A suit cannot be removed from a state court, under the act of
1875, unless the requisite citizenship of the parties exists both
when the suit was begun and when the petition for removal was
Motion to dismiss or affirm. The only point at issue was whether
the case was one which could be removed from the state court. When
the suit was brought in the state court, the appellant and the
appellee were citizens of different states. The defendant at the
term of the court at which the cause could be first tried, and
before the trial thereof, moved for its removal to the federal
court, and after hearing an order of removal was made in the state
court. The plaintiff then in the federal court moved to remand it
on the ground that at the time of the filing of the motion to
remand, and at the time of the application for removal, the
plaintiff and defendant were both citizens of the same state. The
court below heard the parties on this motion, and granted it, from
which order an appeal was taken.
Page 108 U. S. 562
MR. CHIEF JUSTICE WAITE delivered the opinion of the Court.
In this case, the court below decided that under the Act of
March 3, 1875, c. 137, there could not be a removal to the circuit
court of the United States of a suit in a state court between
parties who were citizens of different states when the suit was
begun if, when the petition for removal was filed, the parties were
all citizens of the same state. To reverse an order remanding a
suit on that ground, this appeal was taken.
Under the Judiciary Act of 1789 (sec. 12), it was held, in
Insurance Company v. Pechner, 95 U. S.
, that there could not be a removal unless the
necessary citizenship existed when the suit was begun. That act
provided only for a removal on the application of the defendant
when the plaintiff was a citizen of the state in which the suit was
brought, and the defendant was required to file his petition for
removal at the time of entering his appearance in the state court.
Under such circumstances changes of citizenship, after the suit was
begun and before the time for applying for a removal, would not
The act of 1875 is radically different from any which preceded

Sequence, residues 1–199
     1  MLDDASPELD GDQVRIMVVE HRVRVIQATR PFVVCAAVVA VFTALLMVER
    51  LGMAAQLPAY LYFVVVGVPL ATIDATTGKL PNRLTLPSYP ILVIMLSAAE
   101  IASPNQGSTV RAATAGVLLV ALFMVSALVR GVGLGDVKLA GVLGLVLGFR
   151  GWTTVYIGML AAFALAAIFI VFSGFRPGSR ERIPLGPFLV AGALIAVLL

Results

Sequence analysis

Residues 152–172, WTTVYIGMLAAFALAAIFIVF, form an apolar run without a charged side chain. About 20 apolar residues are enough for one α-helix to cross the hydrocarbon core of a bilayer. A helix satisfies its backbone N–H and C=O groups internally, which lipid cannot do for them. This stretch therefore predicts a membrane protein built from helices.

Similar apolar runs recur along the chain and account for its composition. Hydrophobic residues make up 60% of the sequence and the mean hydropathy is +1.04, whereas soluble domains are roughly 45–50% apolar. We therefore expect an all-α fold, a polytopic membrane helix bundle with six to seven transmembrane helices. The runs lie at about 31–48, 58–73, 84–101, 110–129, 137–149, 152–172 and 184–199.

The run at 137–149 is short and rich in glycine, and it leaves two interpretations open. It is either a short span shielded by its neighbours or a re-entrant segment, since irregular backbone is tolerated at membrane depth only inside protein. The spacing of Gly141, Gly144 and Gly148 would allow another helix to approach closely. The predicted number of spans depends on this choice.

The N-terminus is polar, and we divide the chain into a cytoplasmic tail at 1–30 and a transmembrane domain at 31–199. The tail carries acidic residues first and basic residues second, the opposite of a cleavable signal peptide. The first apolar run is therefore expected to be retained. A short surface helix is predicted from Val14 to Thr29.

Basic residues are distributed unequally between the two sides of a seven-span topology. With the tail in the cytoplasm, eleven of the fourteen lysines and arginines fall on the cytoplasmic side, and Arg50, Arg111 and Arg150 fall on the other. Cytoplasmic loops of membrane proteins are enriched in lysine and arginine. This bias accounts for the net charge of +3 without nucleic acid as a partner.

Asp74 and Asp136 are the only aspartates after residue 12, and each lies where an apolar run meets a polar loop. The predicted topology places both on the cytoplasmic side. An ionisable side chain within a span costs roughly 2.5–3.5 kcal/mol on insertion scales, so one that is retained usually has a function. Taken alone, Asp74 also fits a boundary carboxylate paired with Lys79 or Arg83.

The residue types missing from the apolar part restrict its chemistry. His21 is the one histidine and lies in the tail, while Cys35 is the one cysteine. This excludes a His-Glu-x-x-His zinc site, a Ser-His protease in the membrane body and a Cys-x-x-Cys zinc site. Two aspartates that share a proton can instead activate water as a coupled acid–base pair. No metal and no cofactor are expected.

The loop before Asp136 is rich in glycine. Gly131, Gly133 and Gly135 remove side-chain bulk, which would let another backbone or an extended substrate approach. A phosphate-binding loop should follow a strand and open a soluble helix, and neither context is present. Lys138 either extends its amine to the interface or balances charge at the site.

it. Under that act, either party may petition for removal, and
neither party need be a citizen of the state in which the suit was
brought. The material language is as follows:
"That any suit of a civil nature at law or in equity now
Page 108 U. S. 563
or hereafter brought in any state court, . . . in which there
shall be a controversy between citizens of different states, . . .
either party may remove said suit into the circuit court of the
United States for the proper district."
In order to obtain the removal, a petition therefor must be
filed in the state court at or before the term at which the cause
could be first tried, and before the trial. In the present case,
the petition was not filed until nearly two years after the
commencement of the suit.
The construction of the act is by no means free from doubt, but
on full consideration we are of opinion that the requirement of the
old law, that the necessary citizenship should exist when the suit
was brought, was not abolished. We cannot believe it was intended
to allow a party to deprive a state court of the jurisdiction it
has once rightfully acquired over him by changing his citizenship
after a suit is begun, and that would be the effect of the law if
the right of removal is made to depend only on the citizenship
existing at the time a removal is applied for. But we are also of
opinion that because of the extension of the time for applying for
removal, and because neither party need be a citizen of the state
in which the suit is brought and either party may apply, it was the
intention to provide that the controversy should be between
citizens of different states at the time of the removal. In this
way the jurisdiction of the circuit court of the United States will
only attach when there shall be a controversy between citizens of
different states at the time the suit is transferred, and the right
to the transfer will depend on the citizenship when the suit was
begun and when the petition for removal is filed.
We therefore hold that a suit cannot be removed from a state
court under the act of 1875 unless the requisite citizenship of the
parties exists both when the suit was begun and when the petition
for removal is filed.
The order remanding the cause is affirmed.